Inserting Millions of Rows in a an SQLite Database, Python is Too Slow

I’m making a chess engine (a program that plays chess), for this I have decided to use some chess statistics to choose the optimal moves. I don’t have these statistics, so I decided to collected them myself from millions of games. I’m interested in the current move, the next move and how much times the next move was played given the current move.

I thought about simply using a python dictionary and storing it with pickle, but the problem is the file is too large, and hard to update with new games. So I decided to use an SQL database, more precisely SQLite.

I created a class MovesDatabase:

class MovesDatabase:

def __init__(self, work_dir):
    self.con = sqlite3.connect(os.path.join(work_dir, "moves.db"))
    self.con.execute('PRAGMA temp_store = MEMORY')
    self.con.execute('PRAGMA synchronous = NORMAL')
    self.con.execute('PRAGMA journal_mode = WAL')
    self.cur = self.con.cursor()

    self.cur.execute("CREATE TABLE IF NOT EXISTS moves("
                     "move TEXT,"
                     "next TEXT,"
                     "count INTEGER DEFAULT 1);")

The table hold there information per row: move, next, count. Move and Next represent the state of a chess board in a string format: FEN


  • rnbqkbnr/pppppppp/8/8/8/8/PPPPPPPP/RNBQKBNR
  • r1b1k1nr/p2p1pNp/n2B4/1p1NP2P/6P1/3P1Q2/P1P1K3/q5b1
  • 8/8/8/4p1K1/2k1P3/8/8/8 b

The method below is responsible for taking a games file, extracting the moves and inserting if the couple (move, next) is new or updating if (move, next) already exist in the database:

def insert_moves_from_file(self, file: str):
    print("Extracting moves to database from " + file)

    count = 0

    with open(file) as games_file:
        game = chess.pgn.read_game(games_file)

        while game is not None:
            batch = []
            board = game.board()
            state_one = board.fen().split(' ')[0] + ' ' + board.fen().split(' ')[1]

            for move in game.mainline_moves():
                fen = board.fen().split(' ')
                state_two = fen[0] + ' ' + fen[1]

                res = self.cur.execute("SELECT * FROM moves WHERE move=? AND next=?",
                                       (state_one, state_two))
                res = res.fetchall()

                if len(res) != 0:
                    self.cur.execute("UPDATE moves SET count=count+1 WHERE move=? AND next=?",
                                     (state_one, state_two))
                    batch.append((state_one, state_two))

                state_one = state_two

            self.cur.executemany("INSERT INTO moves(move, next) VALUES"
                                 "(?, ?)", batch)
            count += 1
            print('\r' "%d games was add to the database.." % (count + 1), end='')
            game = chess.pgn.read_game(games_file)

    print("\n Finished!")

The couple (move, next) is unique!

The problem is: I test this method with a file containing approximately 4 million (move, next), It’s started good inserting/updating 3000 rows/s, but when table gets larger, say 50K rows it’s slows down to a rate of 100 rows/s and keeps going down. Keep in mind that I designed this method so it can process multiple game files, that’s the reason why I choose to work with an SQL db the first place.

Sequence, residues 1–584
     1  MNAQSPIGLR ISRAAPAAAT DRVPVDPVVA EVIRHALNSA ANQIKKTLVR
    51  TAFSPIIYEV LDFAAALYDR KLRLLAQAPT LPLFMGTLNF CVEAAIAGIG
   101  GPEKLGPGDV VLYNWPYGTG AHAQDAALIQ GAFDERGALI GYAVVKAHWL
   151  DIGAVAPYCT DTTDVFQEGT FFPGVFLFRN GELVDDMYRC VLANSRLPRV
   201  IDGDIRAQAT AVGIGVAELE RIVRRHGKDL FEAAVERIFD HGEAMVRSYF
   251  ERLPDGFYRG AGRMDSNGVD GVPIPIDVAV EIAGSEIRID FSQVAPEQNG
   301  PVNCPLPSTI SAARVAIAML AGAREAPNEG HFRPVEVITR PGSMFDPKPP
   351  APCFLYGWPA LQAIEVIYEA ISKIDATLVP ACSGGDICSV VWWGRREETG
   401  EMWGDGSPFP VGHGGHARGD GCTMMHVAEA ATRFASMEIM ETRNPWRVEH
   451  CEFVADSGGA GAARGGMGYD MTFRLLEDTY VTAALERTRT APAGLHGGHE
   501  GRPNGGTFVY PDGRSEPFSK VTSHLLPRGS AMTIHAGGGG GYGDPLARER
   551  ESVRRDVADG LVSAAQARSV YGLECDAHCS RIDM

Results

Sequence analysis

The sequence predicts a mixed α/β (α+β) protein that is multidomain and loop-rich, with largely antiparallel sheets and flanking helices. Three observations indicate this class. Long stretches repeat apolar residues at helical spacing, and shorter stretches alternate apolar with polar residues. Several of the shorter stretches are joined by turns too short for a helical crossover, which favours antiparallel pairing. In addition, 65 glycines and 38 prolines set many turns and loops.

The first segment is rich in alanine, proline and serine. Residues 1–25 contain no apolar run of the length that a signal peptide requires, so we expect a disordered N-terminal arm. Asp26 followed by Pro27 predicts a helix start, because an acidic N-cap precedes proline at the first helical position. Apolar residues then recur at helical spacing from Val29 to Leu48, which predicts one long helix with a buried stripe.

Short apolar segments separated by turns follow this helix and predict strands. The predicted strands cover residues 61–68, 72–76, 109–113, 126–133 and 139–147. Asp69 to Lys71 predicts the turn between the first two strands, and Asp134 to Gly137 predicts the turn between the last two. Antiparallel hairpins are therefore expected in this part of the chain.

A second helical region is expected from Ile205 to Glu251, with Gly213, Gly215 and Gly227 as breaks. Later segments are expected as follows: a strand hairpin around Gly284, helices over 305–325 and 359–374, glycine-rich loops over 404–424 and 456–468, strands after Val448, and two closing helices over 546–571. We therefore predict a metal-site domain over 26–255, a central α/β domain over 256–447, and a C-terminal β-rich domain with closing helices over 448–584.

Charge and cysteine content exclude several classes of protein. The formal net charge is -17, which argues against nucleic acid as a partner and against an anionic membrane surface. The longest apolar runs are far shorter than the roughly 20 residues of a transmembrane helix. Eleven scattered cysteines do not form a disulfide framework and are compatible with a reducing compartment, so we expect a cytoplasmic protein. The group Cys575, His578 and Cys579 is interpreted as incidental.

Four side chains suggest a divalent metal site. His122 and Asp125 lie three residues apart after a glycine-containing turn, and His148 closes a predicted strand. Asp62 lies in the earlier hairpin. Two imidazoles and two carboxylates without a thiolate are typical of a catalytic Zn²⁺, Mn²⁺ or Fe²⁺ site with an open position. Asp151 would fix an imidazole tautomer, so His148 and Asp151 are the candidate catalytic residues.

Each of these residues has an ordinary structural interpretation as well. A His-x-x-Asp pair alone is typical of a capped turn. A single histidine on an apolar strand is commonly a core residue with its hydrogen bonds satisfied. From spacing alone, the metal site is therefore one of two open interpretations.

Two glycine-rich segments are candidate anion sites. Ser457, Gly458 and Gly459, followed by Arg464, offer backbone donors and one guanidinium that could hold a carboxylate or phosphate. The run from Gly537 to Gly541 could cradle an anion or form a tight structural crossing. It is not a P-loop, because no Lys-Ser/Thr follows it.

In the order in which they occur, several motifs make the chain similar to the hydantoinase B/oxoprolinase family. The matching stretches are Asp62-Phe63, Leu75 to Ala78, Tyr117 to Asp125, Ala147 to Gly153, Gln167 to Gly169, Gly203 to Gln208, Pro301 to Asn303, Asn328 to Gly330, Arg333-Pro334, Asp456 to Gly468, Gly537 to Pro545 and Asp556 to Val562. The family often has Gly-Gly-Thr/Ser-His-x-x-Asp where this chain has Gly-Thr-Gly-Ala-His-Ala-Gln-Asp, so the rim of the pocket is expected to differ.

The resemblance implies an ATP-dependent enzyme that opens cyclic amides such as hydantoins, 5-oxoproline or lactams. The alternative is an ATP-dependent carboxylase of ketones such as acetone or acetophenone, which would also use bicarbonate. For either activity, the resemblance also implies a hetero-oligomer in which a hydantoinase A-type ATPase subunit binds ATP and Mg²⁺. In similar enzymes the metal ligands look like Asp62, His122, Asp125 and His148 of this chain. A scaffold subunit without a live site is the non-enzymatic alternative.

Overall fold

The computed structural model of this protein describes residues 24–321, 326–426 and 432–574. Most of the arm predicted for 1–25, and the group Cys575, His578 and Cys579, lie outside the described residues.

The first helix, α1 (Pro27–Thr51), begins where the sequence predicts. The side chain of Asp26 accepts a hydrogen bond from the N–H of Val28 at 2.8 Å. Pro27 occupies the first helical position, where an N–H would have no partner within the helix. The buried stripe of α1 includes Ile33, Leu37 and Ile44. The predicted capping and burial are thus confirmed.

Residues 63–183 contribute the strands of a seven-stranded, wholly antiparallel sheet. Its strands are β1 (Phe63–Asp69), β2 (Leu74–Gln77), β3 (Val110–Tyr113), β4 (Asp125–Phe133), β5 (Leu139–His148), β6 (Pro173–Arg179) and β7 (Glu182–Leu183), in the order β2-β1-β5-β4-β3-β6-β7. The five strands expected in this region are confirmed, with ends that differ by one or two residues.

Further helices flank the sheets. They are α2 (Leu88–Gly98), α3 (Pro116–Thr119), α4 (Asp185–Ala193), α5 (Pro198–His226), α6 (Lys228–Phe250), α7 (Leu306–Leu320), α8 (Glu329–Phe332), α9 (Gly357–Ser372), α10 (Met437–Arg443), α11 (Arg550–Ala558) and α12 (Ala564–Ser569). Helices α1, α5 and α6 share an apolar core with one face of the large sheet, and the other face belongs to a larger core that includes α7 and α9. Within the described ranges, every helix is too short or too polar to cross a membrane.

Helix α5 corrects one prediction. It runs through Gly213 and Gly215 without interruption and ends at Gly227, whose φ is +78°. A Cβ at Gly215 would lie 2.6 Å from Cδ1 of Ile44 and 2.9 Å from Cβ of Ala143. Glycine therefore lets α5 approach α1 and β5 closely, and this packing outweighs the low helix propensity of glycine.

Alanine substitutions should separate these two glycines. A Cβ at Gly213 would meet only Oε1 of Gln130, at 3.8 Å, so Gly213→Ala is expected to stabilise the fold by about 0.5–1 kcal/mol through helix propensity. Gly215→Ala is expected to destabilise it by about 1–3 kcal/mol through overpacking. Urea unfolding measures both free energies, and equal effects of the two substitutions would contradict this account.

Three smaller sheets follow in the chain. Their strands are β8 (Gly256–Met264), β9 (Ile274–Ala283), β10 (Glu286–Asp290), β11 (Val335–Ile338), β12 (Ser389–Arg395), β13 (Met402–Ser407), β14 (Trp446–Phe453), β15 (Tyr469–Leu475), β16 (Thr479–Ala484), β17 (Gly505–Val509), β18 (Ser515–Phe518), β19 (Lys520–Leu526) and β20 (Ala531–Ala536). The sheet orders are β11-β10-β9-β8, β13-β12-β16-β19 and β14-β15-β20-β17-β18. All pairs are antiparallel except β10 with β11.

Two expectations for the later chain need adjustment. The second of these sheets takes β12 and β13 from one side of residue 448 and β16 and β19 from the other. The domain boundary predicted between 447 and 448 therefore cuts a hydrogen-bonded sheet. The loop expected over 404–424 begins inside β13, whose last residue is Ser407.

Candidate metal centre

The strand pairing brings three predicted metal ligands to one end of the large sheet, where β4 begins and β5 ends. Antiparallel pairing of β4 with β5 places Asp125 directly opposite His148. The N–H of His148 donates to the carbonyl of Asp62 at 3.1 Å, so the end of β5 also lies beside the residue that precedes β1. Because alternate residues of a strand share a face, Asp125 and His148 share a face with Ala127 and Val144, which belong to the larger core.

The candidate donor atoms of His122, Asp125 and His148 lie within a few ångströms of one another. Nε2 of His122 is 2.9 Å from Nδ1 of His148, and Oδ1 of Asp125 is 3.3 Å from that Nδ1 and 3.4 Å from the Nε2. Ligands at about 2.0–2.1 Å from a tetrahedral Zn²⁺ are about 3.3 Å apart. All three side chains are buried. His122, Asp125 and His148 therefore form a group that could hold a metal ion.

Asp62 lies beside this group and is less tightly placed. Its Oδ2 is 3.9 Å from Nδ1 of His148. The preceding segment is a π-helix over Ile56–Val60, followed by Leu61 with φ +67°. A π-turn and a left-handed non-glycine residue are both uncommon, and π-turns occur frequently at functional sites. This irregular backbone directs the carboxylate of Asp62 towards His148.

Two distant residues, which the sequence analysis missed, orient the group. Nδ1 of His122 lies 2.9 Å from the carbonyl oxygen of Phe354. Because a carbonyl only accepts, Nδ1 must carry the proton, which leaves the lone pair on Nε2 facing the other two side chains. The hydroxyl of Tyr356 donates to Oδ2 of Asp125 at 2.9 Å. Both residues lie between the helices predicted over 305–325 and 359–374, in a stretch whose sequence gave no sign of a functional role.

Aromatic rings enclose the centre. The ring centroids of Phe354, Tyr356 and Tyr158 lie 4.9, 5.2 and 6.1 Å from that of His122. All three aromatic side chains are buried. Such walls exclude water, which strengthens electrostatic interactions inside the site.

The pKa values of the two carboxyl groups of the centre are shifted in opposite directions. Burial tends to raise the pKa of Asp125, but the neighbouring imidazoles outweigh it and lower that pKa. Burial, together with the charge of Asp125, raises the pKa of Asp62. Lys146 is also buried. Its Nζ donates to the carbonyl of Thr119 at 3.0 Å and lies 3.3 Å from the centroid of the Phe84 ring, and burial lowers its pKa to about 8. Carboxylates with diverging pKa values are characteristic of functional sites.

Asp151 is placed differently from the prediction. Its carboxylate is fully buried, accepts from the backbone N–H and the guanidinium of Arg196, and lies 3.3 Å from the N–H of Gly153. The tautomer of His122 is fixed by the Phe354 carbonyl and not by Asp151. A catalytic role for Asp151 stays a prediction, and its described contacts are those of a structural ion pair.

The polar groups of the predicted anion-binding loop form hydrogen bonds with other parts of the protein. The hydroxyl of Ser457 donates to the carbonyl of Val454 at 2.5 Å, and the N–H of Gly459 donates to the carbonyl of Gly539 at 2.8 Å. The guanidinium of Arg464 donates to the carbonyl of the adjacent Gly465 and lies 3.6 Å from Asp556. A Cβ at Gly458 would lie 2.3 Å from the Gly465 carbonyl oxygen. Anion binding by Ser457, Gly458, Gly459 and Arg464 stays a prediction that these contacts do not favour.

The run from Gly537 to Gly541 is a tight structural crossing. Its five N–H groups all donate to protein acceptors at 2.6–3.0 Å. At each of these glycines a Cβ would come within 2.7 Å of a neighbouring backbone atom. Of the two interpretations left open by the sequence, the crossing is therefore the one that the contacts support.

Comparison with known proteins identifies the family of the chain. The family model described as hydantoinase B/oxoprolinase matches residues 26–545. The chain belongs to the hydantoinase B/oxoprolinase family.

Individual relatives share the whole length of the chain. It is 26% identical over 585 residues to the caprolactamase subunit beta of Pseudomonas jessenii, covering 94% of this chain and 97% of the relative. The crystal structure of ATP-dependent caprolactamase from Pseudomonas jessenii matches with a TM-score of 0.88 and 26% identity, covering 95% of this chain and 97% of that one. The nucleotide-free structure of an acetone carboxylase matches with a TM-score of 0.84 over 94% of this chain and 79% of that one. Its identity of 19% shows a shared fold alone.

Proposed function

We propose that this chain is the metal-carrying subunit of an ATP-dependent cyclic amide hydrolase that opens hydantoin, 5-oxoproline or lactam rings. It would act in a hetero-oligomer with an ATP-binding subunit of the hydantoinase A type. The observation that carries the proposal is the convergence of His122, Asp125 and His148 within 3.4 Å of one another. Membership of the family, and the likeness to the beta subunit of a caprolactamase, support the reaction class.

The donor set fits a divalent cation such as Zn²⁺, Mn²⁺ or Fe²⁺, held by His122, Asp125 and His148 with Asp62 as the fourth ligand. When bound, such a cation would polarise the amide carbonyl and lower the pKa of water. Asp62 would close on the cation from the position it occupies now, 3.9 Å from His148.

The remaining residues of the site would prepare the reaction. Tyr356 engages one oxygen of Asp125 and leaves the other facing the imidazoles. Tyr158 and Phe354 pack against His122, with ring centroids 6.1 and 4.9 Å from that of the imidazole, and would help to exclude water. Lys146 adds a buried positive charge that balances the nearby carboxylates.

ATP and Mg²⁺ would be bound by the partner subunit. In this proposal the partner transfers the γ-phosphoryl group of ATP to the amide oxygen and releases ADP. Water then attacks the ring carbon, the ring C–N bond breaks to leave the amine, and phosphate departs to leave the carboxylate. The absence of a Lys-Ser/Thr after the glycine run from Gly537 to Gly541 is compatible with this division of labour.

>Solution :

It’s not INSERTing that’s slow here.

Your move and next columns aren’t indexed, so any SELECT or UPDATE involving those columns requires a full table scan.

If (move, next) is always unique, you’ll want to add an UNIQUE index on that. It will also automagically make the queries that query for move/next pairs faster (but not necessarily those that query for only one of those two columns).

To create that index on your existing table,

CREATE UNIQUE INDEX ix_move_next ON moves (move, next);

Finally, once you have that index in place, you can get rid of the whole SELECT/UPDATE thing too with an upsert:

INSERT INTO moves (move, next) VALUES (?, ?) ON CONFLICT (move, next) DO UPDATE SET count = count + 1;

Here’s a slight refactoring that achieves about 6200 moves/second inserted on my machine. (It requires the tqdm library for a nice progress bar, and a pgns/ directory with PGN files.)

import glob
import sqlite3
import chess.pgn
import tqdm
from chess import WHITE

def board_to_state(board):
    # These were extracted from the implementation of `board.fen()`
    # so as to avoid doing extra work we don't need.
    bfen = board.board_fen(promoted=False)
    turn = ("w" if board.turn == WHITE else "b")
    return f'{bfen} {turn}'

def insert_game(cur, game):
    batch = []
    board = game.board()
    state_one = board_to_state(board)
    for move in game.mainline_moves():
        state_two = board_to_state(board)
        batch.append((state_one, state_two))
        state_one = state_two
    cur.executemany("INSERT INTO moves (move, next) VALUES (?, ?) ON CONFLICT (move, next) DO UPDATE SET count = count + 1", batch)
    n_moves = len(batch)
    return n_moves

def main():
    con = sqlite3.connect("moves.db")
    con.execute('PRAGMA temp_store = MEMORY')
    con.execute('PRAGMA synchronous = NORMAL')
    con.execute('PRAGMA journal_mode = WAL')
    con.execute('CREATE TABLE IF NOT EXISTS moves(move TEXT,next TEXT,count INTEGER DEFAULT 1);')
    con.execute('CREATE UNIQUE INDEX IF NOT EXISTS ix_move_next ON moves (move, next);')

    cur = con.cursor()

    for pgn_file in sorted(glob.glob("pgns/*.pgn")):
        with open(pgn_file) as games_file:
            n_games = 0
            with tqdm.tqdm(desc=pgn_file, unit="moves") as pbar:
                while (game := chess.pgn.read_game(games_file)):
                    n_moves = insert_game(cur, game)
                    n_games += 1
                    pbar.set_description(f"{pgn_file} ({n_games} games)", refresh=False)

if __name__ == '__main__':

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